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Scuba Girl

Allison Marbry is a freshman currently studying at Truman State University, pursuing degrees in English and Computer Science. In her free time, she enjoys working on other writing projects, drawing from life, and contemplating the vast unknown of the future in horror. You can contact her on Twitter @themarbb.

Four days before it happened, she came into class wearing one of those fish-bowl helmets they had on diver suits. The glass globe crushed her shoulders, and if she craned her head too far in any direction, there would have been a wobble, then a fall, a shatter. Her teachers knelt down to her level, asked her questions in a soft, reproachful voice. She wouldn't talk about it.
That girl, who we took to calling "Scuba Girl" for lack of a better name, was an absolute field day. We'd take the water bottles at lunch and balance them on top of our heads, faking her signature hunch, or stick our arms out really far, stomping around like we were in an old diving suit. It brought us together as a community, really, and, by the end of that day, every one of us stood up individually and believed that we had become as hilarious and ingenious as we were ever going to be.
Three days before it happened, the teachers got aggressive with their big questions about Scuba Girl, none of which we had thought about. Did her parents send her to school with it on? Could she breathe? Was it technically a hat (which was against school policy)? Scuba Girl sat and stared stone cold at the faculty group until she asked, finally, if they were talking to her, but her voice sounded like it was underwater, muffled. The glass was too thick to hear clearly. We all burst out laughing, not because of her question, but because she sounded so ridiculous. Someone pointed out that the teacher's voices must sound like that to her. It fit every single given stereotype.
Two days before it happened, she didn't show up for morning classes. We all looked around, waited for her, but it was like she just vanished. The class became as dull and lifeless as it had before, if not more. We looked for another human punching bag to no avail. When Scuba Girl re-entered the classroom near the end of the day, an oxygen tank now weighing down her back like a turtle, it was to our welcoming applause, only half-mocking. She then turned, walked out of the room again, and didn't come back for the rest of the day. Turns out, earlier she had a talk with the principal, who tried to physically take the helmet off of her head, along with the oxygen tank. After school, some of us caught her at the store with a cart full of preservatives, even though she could barely reach us. She saw us and mumbled something, but it changed every time we told the story, and became more ridiculous. The final version of it ended with her just making bubble noises.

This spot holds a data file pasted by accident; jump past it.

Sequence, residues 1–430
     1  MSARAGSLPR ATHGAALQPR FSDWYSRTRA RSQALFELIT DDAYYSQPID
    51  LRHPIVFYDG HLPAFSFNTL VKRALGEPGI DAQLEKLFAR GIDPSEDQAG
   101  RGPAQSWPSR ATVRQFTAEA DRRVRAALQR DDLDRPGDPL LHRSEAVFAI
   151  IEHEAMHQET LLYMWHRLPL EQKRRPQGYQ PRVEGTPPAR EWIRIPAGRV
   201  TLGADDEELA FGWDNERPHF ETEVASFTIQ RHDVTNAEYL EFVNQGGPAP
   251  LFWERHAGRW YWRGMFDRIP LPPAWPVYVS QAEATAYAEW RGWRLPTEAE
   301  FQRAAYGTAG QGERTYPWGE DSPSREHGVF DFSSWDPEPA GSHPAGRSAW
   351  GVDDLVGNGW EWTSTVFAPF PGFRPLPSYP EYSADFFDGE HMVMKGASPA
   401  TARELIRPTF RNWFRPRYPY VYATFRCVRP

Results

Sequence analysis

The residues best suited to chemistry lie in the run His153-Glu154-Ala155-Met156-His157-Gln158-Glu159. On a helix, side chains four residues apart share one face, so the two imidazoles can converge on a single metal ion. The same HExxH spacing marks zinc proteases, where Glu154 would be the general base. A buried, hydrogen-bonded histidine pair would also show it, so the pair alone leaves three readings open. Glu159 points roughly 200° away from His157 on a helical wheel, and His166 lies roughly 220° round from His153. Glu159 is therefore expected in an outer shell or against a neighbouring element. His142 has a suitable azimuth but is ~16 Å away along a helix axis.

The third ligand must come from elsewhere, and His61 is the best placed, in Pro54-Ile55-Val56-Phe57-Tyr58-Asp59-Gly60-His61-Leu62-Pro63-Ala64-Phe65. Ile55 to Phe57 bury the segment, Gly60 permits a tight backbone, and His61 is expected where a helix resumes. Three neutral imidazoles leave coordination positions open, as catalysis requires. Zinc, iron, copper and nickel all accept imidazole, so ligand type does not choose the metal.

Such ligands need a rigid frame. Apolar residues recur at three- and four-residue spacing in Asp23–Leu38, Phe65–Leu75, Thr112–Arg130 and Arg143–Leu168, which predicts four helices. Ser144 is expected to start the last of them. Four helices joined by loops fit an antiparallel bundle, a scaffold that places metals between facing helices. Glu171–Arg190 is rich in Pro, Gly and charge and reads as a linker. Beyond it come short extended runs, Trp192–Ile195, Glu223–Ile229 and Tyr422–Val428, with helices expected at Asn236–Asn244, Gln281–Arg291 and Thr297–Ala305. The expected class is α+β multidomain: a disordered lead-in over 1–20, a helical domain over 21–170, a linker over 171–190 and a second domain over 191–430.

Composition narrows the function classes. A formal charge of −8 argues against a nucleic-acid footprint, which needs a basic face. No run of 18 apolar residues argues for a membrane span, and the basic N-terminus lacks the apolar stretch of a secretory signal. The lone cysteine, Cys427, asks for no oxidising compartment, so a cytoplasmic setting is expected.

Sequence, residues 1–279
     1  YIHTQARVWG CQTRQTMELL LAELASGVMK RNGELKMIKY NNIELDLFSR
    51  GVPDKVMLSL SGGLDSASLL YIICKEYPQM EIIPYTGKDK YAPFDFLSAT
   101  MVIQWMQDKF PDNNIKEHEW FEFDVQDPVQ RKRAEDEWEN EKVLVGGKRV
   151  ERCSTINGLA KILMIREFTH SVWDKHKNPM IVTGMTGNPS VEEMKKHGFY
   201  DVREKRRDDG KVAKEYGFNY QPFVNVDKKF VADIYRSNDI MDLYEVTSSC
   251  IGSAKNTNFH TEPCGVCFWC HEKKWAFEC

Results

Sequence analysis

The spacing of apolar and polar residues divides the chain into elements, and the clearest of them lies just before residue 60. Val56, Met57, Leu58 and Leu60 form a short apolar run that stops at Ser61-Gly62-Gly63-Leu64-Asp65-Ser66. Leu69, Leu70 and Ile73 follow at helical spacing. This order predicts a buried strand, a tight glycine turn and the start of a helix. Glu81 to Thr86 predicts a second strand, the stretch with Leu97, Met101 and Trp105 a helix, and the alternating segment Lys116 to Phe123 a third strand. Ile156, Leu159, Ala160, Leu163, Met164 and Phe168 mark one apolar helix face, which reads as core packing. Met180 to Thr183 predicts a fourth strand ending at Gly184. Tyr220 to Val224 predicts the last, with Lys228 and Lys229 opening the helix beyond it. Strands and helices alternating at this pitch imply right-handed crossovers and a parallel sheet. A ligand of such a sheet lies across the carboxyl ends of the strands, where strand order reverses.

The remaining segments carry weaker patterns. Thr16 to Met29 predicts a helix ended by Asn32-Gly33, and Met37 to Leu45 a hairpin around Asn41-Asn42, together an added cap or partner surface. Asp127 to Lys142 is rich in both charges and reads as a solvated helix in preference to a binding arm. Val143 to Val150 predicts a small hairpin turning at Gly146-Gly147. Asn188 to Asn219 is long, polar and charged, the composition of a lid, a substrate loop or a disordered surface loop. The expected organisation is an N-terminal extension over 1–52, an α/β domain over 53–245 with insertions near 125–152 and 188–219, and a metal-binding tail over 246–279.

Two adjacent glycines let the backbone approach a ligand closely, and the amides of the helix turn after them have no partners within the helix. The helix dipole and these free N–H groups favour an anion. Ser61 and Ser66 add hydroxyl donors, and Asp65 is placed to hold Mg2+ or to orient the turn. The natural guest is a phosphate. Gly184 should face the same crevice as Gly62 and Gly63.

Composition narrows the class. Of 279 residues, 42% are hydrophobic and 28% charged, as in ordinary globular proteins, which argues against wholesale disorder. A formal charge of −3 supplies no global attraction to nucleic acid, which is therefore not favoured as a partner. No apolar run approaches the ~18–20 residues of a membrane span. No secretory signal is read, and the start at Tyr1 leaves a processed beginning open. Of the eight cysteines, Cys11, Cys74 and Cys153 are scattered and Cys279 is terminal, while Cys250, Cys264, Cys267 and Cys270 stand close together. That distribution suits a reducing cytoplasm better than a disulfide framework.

The day before it happened, we tried to take the thing off ourselves. Scuba Girl walked in wearing the diver suit underneath her stretched clothes, plain as day. She glared at us every time we said something to or something about her. When one of us got too close to her, she physically pushed them away, like it was now serious business. We took the helmet by the base and tried to pull it off before school ended, and, even though the teachers turned a blind eye to us, it didn't work. We counted it as a loss, and tailed her from afar while she walked home out of wounded pride and curiosity. Amongst ourselves, we wondered if she had ever even been without it, even though it had only been a few days, and she had been in the classroom for years.
When the sun was about to set, we shouted a promise to "see you tomorrow!" at the locked house, and went home. At our front steps, we found a package, made of cardboard and light in our hands. We ripped the top open, and gingerly picked up what was inside, a look of confusion plastered on our faces. It was an umbrella.
The next day, the whole world flooded. The water rose far enough to make it look like we were at the bottom of the ocean, and the sun a distant spot of light. Scuba Girl, in her complete diver wardrobe, took a contemplative walk towards the school. Inside, she tugged down a chair that had floated to the ceiling.
Scuba Girl sat on the weightless chair, waiting for us to make good on our promise. A smile stretched across her face.
The End
This story was first published on Tuesday, December 27th, 2016

Author Comments

I actually found this concept at the bottom of a giant document of story ideas that I last edited about four years ago. During that time, I remember obsessing over something extraordinary happening during the dullest moments of class, or creating some sense of justice in the social jungle that was our school. The base idea stayed the same throughout editing, which is rare for me. I never thought of myself as Scuba Girl while writing this; however, I still see her in other people, walking alone in the halls, acting as though a flood of their own will come, but never able to be sure.

- Allison Marbry
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